Constantine founded the new capital of the Roman Empire in a promontory jutting into the Bosphorus because it could be defended so easily. Draw an iron chain across the Bosphorus and you deny ships access by sea. Build a defensive wall at the western end of the promontory, and you deny access by land. This was impeccable military logic, and it was a thousand years before an enemy could enter the city.

The lack of drinking water did not trouble Roman engineers, who were experts at building networks of the gently sloping aqueducts which would bring water to a city through a system powered only by gravity. While rebuilding Constantine’s city two centuries later, Justinian built huge underground reservoirs to store water even if an enemy could break the aqueducts. The immense cistern (it can store 800 million liters of water) had a water filtration system, and remained in use until late Ottoman times.

We walked across from Sultanahmet square, stood in a short queue, and then walked down the damp and slippery steps to the bottom of the cistern. Fortunately there is anti-skid bump tiling, and railings on the steps. In the past you could take boats through the cistern, but that more romantic custom stopped in 1985. The two Medusa head columns have become minor wishing wells, as you can see from these photos. The vaulted roofs, the dim lights, the occasional sculpted “hen’s eye” columns, all make this piece of Roman engineering a very photogenic place. So it is not a surprise that several movies have been shot here.

Aimless wandering

Between spells of rain, we walked aimlessly through the streets of the Eminönü and Fatih districts of Istanbul. Only Rome may come close in the juxtaposition of many different styles of architecture spanning a couple of millennia. Only Kolkata comes close in terms of the astoundingly capable sweet shops at every corner. Nothing matches Istanbul in how laid back businesses are. During a brief rainstorm, when a large number of people rushed into cafes, the service shut down until people left. In other cities cafes might make a windfall (really!) profit serving coffee to cold and damp people.

There are parts of Istanbul where people on the streets are so relaxed and friendly that you are reminded of Porto. Other parts are lined with carpet shops where you might not want to stop to chat with every friendly shopkeeper (although we enjoyed the chat every time we stopped). I have a very small bucket list of places which I want to go back to, and Istanbul is on it.

Fifty shades of blue

The best view of the exterior of the Sultanahmet mosque of Istanbul comes from the south gallery of the Hagia Sophia (featured photo). This is the last of the great works of classical Ottoman architecture, completed in 1617 CE, just at the beginning of the three century long decline of the empire. You can see the main dome and two of the four semi-domes supporting it, as well as several of the lower supporting domes, and four of the six minarets. You can probably see more of the structure from the ground, but then the building looms over you and distorts the perspective of the domes.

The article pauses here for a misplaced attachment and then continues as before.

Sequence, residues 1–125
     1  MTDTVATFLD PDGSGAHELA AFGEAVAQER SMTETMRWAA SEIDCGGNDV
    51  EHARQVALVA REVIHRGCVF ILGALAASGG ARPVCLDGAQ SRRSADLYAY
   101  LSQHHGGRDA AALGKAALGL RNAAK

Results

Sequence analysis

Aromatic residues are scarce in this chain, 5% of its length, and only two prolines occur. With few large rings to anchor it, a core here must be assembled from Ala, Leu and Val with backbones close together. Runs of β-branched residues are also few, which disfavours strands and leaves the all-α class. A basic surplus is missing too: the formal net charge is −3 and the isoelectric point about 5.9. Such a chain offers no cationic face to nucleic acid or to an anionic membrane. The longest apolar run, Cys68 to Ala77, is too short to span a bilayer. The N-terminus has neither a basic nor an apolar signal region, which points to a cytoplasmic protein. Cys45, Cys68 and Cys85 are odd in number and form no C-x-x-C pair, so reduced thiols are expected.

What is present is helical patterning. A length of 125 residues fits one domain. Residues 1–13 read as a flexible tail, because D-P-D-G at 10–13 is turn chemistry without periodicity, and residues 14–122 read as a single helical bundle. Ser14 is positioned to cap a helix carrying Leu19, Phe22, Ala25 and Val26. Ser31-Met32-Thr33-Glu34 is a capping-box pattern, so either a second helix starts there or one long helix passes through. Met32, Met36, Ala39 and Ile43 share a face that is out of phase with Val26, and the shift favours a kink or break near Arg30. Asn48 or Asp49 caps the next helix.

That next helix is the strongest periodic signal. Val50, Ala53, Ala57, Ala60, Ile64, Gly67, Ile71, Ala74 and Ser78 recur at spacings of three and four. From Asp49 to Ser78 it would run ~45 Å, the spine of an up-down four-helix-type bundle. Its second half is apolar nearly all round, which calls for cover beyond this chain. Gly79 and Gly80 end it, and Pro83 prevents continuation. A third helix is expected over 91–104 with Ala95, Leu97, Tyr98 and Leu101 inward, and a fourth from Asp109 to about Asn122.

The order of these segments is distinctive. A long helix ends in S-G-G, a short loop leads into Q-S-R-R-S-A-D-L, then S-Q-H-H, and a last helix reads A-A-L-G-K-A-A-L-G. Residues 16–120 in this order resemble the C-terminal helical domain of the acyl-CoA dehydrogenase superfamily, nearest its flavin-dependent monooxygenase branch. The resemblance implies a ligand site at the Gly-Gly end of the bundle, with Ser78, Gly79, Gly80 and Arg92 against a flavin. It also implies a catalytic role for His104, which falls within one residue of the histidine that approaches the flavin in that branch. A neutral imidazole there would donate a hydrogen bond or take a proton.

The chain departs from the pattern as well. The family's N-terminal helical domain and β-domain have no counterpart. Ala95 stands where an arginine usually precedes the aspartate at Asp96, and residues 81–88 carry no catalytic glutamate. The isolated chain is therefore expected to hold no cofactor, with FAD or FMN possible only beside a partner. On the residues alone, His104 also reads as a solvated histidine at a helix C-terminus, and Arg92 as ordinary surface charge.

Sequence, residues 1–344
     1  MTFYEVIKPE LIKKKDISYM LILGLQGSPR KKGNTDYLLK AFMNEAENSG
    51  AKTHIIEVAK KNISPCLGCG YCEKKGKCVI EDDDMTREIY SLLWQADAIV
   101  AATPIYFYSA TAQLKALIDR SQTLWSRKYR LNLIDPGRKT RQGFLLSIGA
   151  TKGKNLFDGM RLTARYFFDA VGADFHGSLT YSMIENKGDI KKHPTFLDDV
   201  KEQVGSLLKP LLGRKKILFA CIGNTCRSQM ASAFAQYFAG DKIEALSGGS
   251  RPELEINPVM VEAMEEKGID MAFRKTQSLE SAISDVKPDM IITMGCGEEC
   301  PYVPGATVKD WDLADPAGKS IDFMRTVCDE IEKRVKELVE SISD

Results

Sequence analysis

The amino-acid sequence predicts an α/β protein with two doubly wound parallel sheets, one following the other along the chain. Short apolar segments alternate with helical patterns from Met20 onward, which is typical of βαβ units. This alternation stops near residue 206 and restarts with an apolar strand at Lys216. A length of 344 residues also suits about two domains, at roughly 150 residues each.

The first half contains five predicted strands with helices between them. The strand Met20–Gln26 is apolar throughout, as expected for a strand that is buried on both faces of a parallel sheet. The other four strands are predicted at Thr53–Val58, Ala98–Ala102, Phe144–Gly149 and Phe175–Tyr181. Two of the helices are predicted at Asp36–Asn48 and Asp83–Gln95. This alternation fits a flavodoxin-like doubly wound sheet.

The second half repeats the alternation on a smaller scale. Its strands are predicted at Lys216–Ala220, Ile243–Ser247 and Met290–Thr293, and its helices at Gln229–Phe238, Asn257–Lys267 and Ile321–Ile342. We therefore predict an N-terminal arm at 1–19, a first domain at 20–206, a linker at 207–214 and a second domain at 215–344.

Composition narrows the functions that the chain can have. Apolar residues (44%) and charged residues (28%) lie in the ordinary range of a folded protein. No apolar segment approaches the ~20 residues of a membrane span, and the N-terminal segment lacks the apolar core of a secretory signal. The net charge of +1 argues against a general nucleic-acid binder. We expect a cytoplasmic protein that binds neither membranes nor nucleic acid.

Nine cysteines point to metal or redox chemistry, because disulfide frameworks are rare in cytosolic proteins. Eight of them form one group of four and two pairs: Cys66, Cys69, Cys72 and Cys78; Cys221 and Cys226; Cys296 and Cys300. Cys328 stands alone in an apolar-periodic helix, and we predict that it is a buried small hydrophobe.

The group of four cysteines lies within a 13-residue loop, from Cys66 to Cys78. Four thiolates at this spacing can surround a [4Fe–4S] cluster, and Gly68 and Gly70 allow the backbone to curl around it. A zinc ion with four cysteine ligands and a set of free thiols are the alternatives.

This is a working mosque, which means that there is no entry charge, but you have to be dressed appropriately. When we reached the mosque it was time for prayers and tourists were being asked to come back in an hour. That gave us an opportunity to walk along the hippodrome, and walk downhill to see the little Hagia Sophia. When we came back from the charming district of Fatih the gates had opened again. Tourists enter through gate B next to the Hippodrome. You can’t wear shoes into a mosque for a very good reason, but you are handed plastic bags to carry them in. We were happy to see that there is a bag collection point at the exit.

The first view of the inside is stunning. There is a sense of light everywhere which is quite different from the experience of the Hagia Sophia. The classic Ottoman style skillfully blends older Turkish architectural styles with Byzantine to produce a light and soaring architecture. This is a prefiguring of modernity, like the two centuries of Ottoman political dominance in the Eurasian continent. This mosque was built at the precise point in time when Ottoman society could not make a transition from the medieval into the modern. The Ottoman army had been reorganized, the navy had fought down the Portuguese in the Indian Ocean, and controlled the spice trade, but the infusion of large volumes of silver from the Americas destabilized the Ottoman economy before a mercantile class could rise.

The incredible tile work of the Sultanahmet mosque gives it the name that tourist guides use: Blue mosque. (In a conversation on a tram I found that Sultanahmet mosque is what Istanbullus say). I would have liked to lie down to look at the ceiling carefully, but that was impossible. We had entered at a time when the interior was really crowded: people were still coming in late to pray but tourists were also inside. The photo above shows the main dome (mainly blue) and the western supporting semi-dome (mainly gold) with a soaring arch between them.